We have already discussed the different types of harassment: quid pro quo and hostile workplace.  But, we also need to understand how the law defines who is a supervisor and who is a co-worker.


Who is a supervisor?

Our everyday use of the word “supervisor” can be misleading under the law.[11] We commonly refer to a supervisor as anyone who has control over our employment duties.  However, a recent case decided by the Supreme Court of the United States has clarified that, under the law, one must hold the power to hire, fire, promote, reassign, or cause significant changes to benefits to be considered the supervisor of a harassment victim.[12]  In other words, being able to assign or withhold duties, without having the power to take one of those “tangible” employment actions, means that employee is not a supervisor.


Who is a co-worker?

Simply put: a co-worker, for the purpose of a harassment claim under Title VII, is any employee who is not a supervisor.  That is, a co-worker is another employee who has not been granted the power to make decisions about the tangible employment actions of the victim. This is the case even if the employee can control other aspects of the victim’s employment, like her duties or schedule.


When can an employer be liable for quid quo pro harassment?

Some kind of tangible employment action is required for quid quo pro harassment, and because the definition of a supervisor requires the power to be able to take tangible employment actions, employers will only be liable for quid pro quo harassment when the harasser is a supervisor according to the law.  Despite the limited legal definition of a supervisor, quid quo pro harassment is the most direct way for an employer to be held liable for sexual harassment in the workplace.


In cases of quid quo pro harassment, the employer is held strictly liable – that is, automatically liable – for the harassment of the supervisor.[13]  This means that the employer is responsible for the actions of the supervisor “whether or not it knew, or should have known, or approved of the supervisor’s actions.”[14]  The victim only has to show that her supervisor took a tangible employment action and that action was the completion of an offer or threat for a sexual favor.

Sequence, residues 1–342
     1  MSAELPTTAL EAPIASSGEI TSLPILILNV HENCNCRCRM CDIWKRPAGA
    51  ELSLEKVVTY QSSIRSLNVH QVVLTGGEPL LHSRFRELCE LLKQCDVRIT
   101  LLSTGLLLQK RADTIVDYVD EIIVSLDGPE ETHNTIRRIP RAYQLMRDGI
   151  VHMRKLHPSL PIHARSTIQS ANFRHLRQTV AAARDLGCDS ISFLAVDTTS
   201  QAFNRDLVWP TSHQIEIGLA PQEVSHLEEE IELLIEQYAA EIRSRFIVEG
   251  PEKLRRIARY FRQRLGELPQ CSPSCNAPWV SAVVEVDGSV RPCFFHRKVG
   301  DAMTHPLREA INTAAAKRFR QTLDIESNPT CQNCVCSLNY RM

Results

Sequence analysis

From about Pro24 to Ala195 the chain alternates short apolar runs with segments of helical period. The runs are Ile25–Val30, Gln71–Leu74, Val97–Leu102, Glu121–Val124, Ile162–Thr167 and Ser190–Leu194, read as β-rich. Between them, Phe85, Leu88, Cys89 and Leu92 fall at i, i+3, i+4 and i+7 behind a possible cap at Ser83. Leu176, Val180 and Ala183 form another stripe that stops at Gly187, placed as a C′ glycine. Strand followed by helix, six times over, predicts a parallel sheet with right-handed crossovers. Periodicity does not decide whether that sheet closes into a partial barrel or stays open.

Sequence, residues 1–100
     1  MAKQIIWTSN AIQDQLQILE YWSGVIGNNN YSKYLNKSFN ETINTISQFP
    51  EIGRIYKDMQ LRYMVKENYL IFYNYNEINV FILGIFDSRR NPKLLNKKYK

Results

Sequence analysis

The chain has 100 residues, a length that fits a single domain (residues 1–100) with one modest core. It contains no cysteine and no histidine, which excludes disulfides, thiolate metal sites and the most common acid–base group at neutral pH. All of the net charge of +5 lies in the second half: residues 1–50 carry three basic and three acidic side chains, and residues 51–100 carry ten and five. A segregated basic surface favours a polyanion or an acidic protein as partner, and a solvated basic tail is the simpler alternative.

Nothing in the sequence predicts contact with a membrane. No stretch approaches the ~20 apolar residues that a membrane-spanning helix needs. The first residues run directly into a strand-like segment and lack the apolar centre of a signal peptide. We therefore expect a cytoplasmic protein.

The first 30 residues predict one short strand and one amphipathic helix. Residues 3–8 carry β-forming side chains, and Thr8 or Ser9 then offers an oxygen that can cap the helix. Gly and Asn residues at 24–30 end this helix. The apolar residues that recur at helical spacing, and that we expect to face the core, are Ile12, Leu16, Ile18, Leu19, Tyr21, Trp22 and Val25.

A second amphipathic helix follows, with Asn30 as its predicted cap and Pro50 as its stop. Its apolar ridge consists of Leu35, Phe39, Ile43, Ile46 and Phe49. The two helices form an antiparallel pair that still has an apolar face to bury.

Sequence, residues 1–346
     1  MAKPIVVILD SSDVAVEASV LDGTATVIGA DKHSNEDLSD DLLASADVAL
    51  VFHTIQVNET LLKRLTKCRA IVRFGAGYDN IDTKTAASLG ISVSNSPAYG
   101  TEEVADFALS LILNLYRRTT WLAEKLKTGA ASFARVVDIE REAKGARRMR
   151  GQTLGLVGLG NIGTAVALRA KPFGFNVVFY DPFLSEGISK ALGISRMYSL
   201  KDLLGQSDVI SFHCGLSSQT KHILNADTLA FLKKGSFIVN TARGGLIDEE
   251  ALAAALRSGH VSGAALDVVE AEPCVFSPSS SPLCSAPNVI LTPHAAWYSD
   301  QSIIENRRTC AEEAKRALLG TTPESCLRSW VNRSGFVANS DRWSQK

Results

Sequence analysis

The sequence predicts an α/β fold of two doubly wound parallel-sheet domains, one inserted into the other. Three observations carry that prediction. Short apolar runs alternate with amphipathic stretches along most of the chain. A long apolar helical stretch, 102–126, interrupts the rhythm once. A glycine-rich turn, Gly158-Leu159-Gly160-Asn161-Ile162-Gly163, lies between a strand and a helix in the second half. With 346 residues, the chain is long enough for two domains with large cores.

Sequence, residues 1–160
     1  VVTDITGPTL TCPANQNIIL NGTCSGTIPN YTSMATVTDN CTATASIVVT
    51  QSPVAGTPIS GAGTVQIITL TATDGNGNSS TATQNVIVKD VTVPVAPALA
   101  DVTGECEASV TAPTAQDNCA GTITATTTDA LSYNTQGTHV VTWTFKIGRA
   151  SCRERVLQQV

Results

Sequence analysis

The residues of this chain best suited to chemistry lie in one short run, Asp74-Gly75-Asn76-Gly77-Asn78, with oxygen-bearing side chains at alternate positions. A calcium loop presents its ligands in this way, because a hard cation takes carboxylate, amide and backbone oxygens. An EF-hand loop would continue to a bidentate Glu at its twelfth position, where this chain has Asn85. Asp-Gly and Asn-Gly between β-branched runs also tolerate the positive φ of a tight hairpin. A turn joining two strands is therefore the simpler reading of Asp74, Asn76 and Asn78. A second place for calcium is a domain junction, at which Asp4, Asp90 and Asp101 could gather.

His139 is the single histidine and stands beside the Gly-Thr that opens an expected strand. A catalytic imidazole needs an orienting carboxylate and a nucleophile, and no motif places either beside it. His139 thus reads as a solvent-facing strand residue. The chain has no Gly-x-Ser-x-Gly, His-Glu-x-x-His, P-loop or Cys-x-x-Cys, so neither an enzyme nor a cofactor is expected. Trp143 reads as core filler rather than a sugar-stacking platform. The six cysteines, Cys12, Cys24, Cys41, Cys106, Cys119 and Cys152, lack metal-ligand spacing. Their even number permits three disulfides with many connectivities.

When can an employer be liable for a hostile workplace?

Employers can be liable for harassment through the creation of a hostile workplace both when the harasser was a co-worker and a supervisor.  But, the legal standards are different depending on this victim-harasser relationship.


When a supervisor creates a hostile workplace, an employer can be held vicariously liable; that is, potentially liable because of the actions of the supervisor.  However, unlike in the case of quid quo pro harassment, where the employer can be liable no matter its part in the harassment, in a hostile workplace claim, an employer can avoid liability.[15]  In order to escape liability, an employer must show both that it tried to “prevent and correct” the harassment and that the victim did not take advantage of the “preventative or corrective opportunities the employer provided.”[16]  This means that, if a victim does not first find and follow the employer’s procedures for harassment, the employer can use that failure to avoid liability for the hostile workplace, even when a supervisor created it.[17]